Updated 10:45 am 29 August 2018: Didi CEO Cheng Wei and president Liu Qing have issued an official apology to the public on August 28. The post is updated to include the information.

Didi’s latest scandal involving the death of a 21-year old girl murdered by her Didi Hitch driver put the China ride-sharing giant under severe public scrutiny. An investigation by local media shows deeper problems.

Over the past four years, at least 50 sexual harassment and assault incidents by Didi drivers were reported by local media and relevant authorities, according to a report by local media Southern Weekly. Of the 50 drivers, at least 3 of them have previous criminal records, but they managed to pass Didi’s driver identity check procedure. All of the 53 victims are female and seven of them were drunk at the time of the incident, the report added. Beijing, Jiangsu, Guangdong, and Zhejiang are the areas that recorded the most cases.

TechNode has reached out to Didi for comment and will update accordingly.

Geographical distribution of Didi’s assault cases (Image credit: Southern Weekly)

Although Didi’s safety problem first drew widespread public outrage when a 21-year-old flight attendant was raped and murdered in May this year, a former fatality that involves the death of a 30-year-old passenger could be dated back one year earlier to May 2017.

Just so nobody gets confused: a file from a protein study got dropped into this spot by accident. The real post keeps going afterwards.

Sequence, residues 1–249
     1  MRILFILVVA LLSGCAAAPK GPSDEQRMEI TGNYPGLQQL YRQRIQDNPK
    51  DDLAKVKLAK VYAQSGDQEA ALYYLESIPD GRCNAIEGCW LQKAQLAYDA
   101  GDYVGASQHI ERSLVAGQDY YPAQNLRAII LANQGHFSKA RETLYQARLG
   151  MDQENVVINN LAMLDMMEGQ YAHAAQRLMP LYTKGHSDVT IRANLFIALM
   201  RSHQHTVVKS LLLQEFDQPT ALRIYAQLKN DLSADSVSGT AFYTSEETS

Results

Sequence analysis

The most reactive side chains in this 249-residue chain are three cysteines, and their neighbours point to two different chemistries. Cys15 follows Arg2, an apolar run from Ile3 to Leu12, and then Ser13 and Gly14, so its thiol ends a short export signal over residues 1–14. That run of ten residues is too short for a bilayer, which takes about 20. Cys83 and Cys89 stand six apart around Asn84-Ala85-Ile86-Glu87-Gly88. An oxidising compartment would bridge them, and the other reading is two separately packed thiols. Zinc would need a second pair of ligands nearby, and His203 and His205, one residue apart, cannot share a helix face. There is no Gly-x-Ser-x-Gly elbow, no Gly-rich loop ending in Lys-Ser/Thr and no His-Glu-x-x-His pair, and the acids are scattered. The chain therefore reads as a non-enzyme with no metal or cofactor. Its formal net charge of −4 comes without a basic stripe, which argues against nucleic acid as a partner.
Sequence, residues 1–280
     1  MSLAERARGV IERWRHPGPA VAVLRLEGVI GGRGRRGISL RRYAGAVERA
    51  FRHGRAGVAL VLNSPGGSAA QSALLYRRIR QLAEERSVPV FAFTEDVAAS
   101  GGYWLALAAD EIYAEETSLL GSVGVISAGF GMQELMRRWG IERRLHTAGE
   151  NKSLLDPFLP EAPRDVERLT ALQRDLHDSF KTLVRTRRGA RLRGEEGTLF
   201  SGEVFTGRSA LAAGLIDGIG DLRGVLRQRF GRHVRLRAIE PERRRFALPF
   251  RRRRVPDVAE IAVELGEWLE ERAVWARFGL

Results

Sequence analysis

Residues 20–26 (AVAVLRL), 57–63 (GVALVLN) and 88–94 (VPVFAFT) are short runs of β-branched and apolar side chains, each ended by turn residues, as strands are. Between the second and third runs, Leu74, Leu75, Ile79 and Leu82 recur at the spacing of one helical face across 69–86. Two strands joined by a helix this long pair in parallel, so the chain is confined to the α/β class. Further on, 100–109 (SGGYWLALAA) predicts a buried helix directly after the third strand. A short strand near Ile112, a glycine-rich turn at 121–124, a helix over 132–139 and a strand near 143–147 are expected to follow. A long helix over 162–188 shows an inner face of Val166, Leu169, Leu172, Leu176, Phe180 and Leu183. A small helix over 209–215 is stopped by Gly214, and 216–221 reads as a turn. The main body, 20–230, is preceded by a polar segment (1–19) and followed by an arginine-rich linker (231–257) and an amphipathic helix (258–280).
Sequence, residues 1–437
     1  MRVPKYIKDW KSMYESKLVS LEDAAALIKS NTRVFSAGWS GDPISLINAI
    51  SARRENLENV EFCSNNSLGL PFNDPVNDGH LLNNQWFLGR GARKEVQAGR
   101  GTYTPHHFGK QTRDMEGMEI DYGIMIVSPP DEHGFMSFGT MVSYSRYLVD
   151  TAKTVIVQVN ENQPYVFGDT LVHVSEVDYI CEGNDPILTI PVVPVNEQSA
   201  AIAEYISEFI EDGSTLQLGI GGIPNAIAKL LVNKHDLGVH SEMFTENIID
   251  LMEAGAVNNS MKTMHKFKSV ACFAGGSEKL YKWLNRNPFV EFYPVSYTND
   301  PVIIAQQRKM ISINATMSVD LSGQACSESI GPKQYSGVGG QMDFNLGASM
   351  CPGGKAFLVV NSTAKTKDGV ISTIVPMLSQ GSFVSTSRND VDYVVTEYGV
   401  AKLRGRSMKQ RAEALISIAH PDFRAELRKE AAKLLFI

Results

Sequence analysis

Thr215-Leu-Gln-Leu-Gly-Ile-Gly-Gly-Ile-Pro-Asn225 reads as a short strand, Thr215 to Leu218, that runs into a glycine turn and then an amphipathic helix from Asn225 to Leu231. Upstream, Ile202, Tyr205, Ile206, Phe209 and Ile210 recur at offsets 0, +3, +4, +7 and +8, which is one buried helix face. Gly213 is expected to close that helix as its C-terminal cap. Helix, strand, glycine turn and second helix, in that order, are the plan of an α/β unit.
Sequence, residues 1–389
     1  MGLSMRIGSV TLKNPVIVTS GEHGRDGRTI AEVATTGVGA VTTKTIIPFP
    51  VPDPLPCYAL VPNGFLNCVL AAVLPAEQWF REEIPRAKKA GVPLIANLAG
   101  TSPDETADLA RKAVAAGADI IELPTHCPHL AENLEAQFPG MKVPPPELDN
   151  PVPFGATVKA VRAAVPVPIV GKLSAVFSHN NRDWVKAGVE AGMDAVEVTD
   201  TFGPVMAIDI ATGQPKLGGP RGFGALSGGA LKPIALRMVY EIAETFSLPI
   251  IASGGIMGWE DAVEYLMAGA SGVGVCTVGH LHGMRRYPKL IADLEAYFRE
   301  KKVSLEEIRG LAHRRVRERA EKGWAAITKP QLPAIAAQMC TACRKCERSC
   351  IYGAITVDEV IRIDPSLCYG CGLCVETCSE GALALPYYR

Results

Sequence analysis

Regardless of its efforts, Didi’s security risks still run deep. Company CEO and Funder Chen Wei said in Didi’s annual meeting held on February this year that safety is Didi’s top priority and the rates of security incidents have dropped 21%. Cheng’s exclamation is controverted shortly as Didi investor Zhang Huan calls for stricter regulation after a Didi driver assaulted him.

In addition to public ire, local authorities have joined to push the Chinese ride sharing giant to react in a more responsible way. China’s Ministry of Transportation published a commentary article, lambasting Didi for its failure to offer effective preventive measures as well as urgent help during the incident, and only try to solve the problem with pricy settlements. The article further pointed out it’s important to discuss whether Didi’s executives should take legal responsibility in cases like this. Xinhua News also suggested Didi should face legal repercussions if it doesn’t improve its safety record.

Following last week’s murder, Didi fired two executives: the general manager for Hitch and the company’s vice president of customer services. But neither CEO Cheng Wei nor president Liu Qing has extended a personal apology to the public after the repeated tragedies.

[Update] “We see clearly this is because our vanity overtook our original beliefs. We raced non stop riding on the force of breathless expansion and capital through these few years, but this has no meaning in such a tragic loss of life. Throughout the company, we start to question if we are doing the right thing; or even whether we have the right values. There is an enormous amount of self-doubt, guilt and soul-searching.” said Cheng and Liu in an apology released on August 28.

The incidents may put a dent in the valuation of the company, which is rumored to head for an IPO in the second half of 2018. The tech giant recieved $4 billion funding at $50 billion valuation in December last year.

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Emma Lee

Emma Lee (Li Xin) was TechNode's e-commerce and new retail reporter until June 2022, when she moved to Sixth Tone to cover technology and consumption. Get in touch with her via lixin@sixthtone.com or Twitter.

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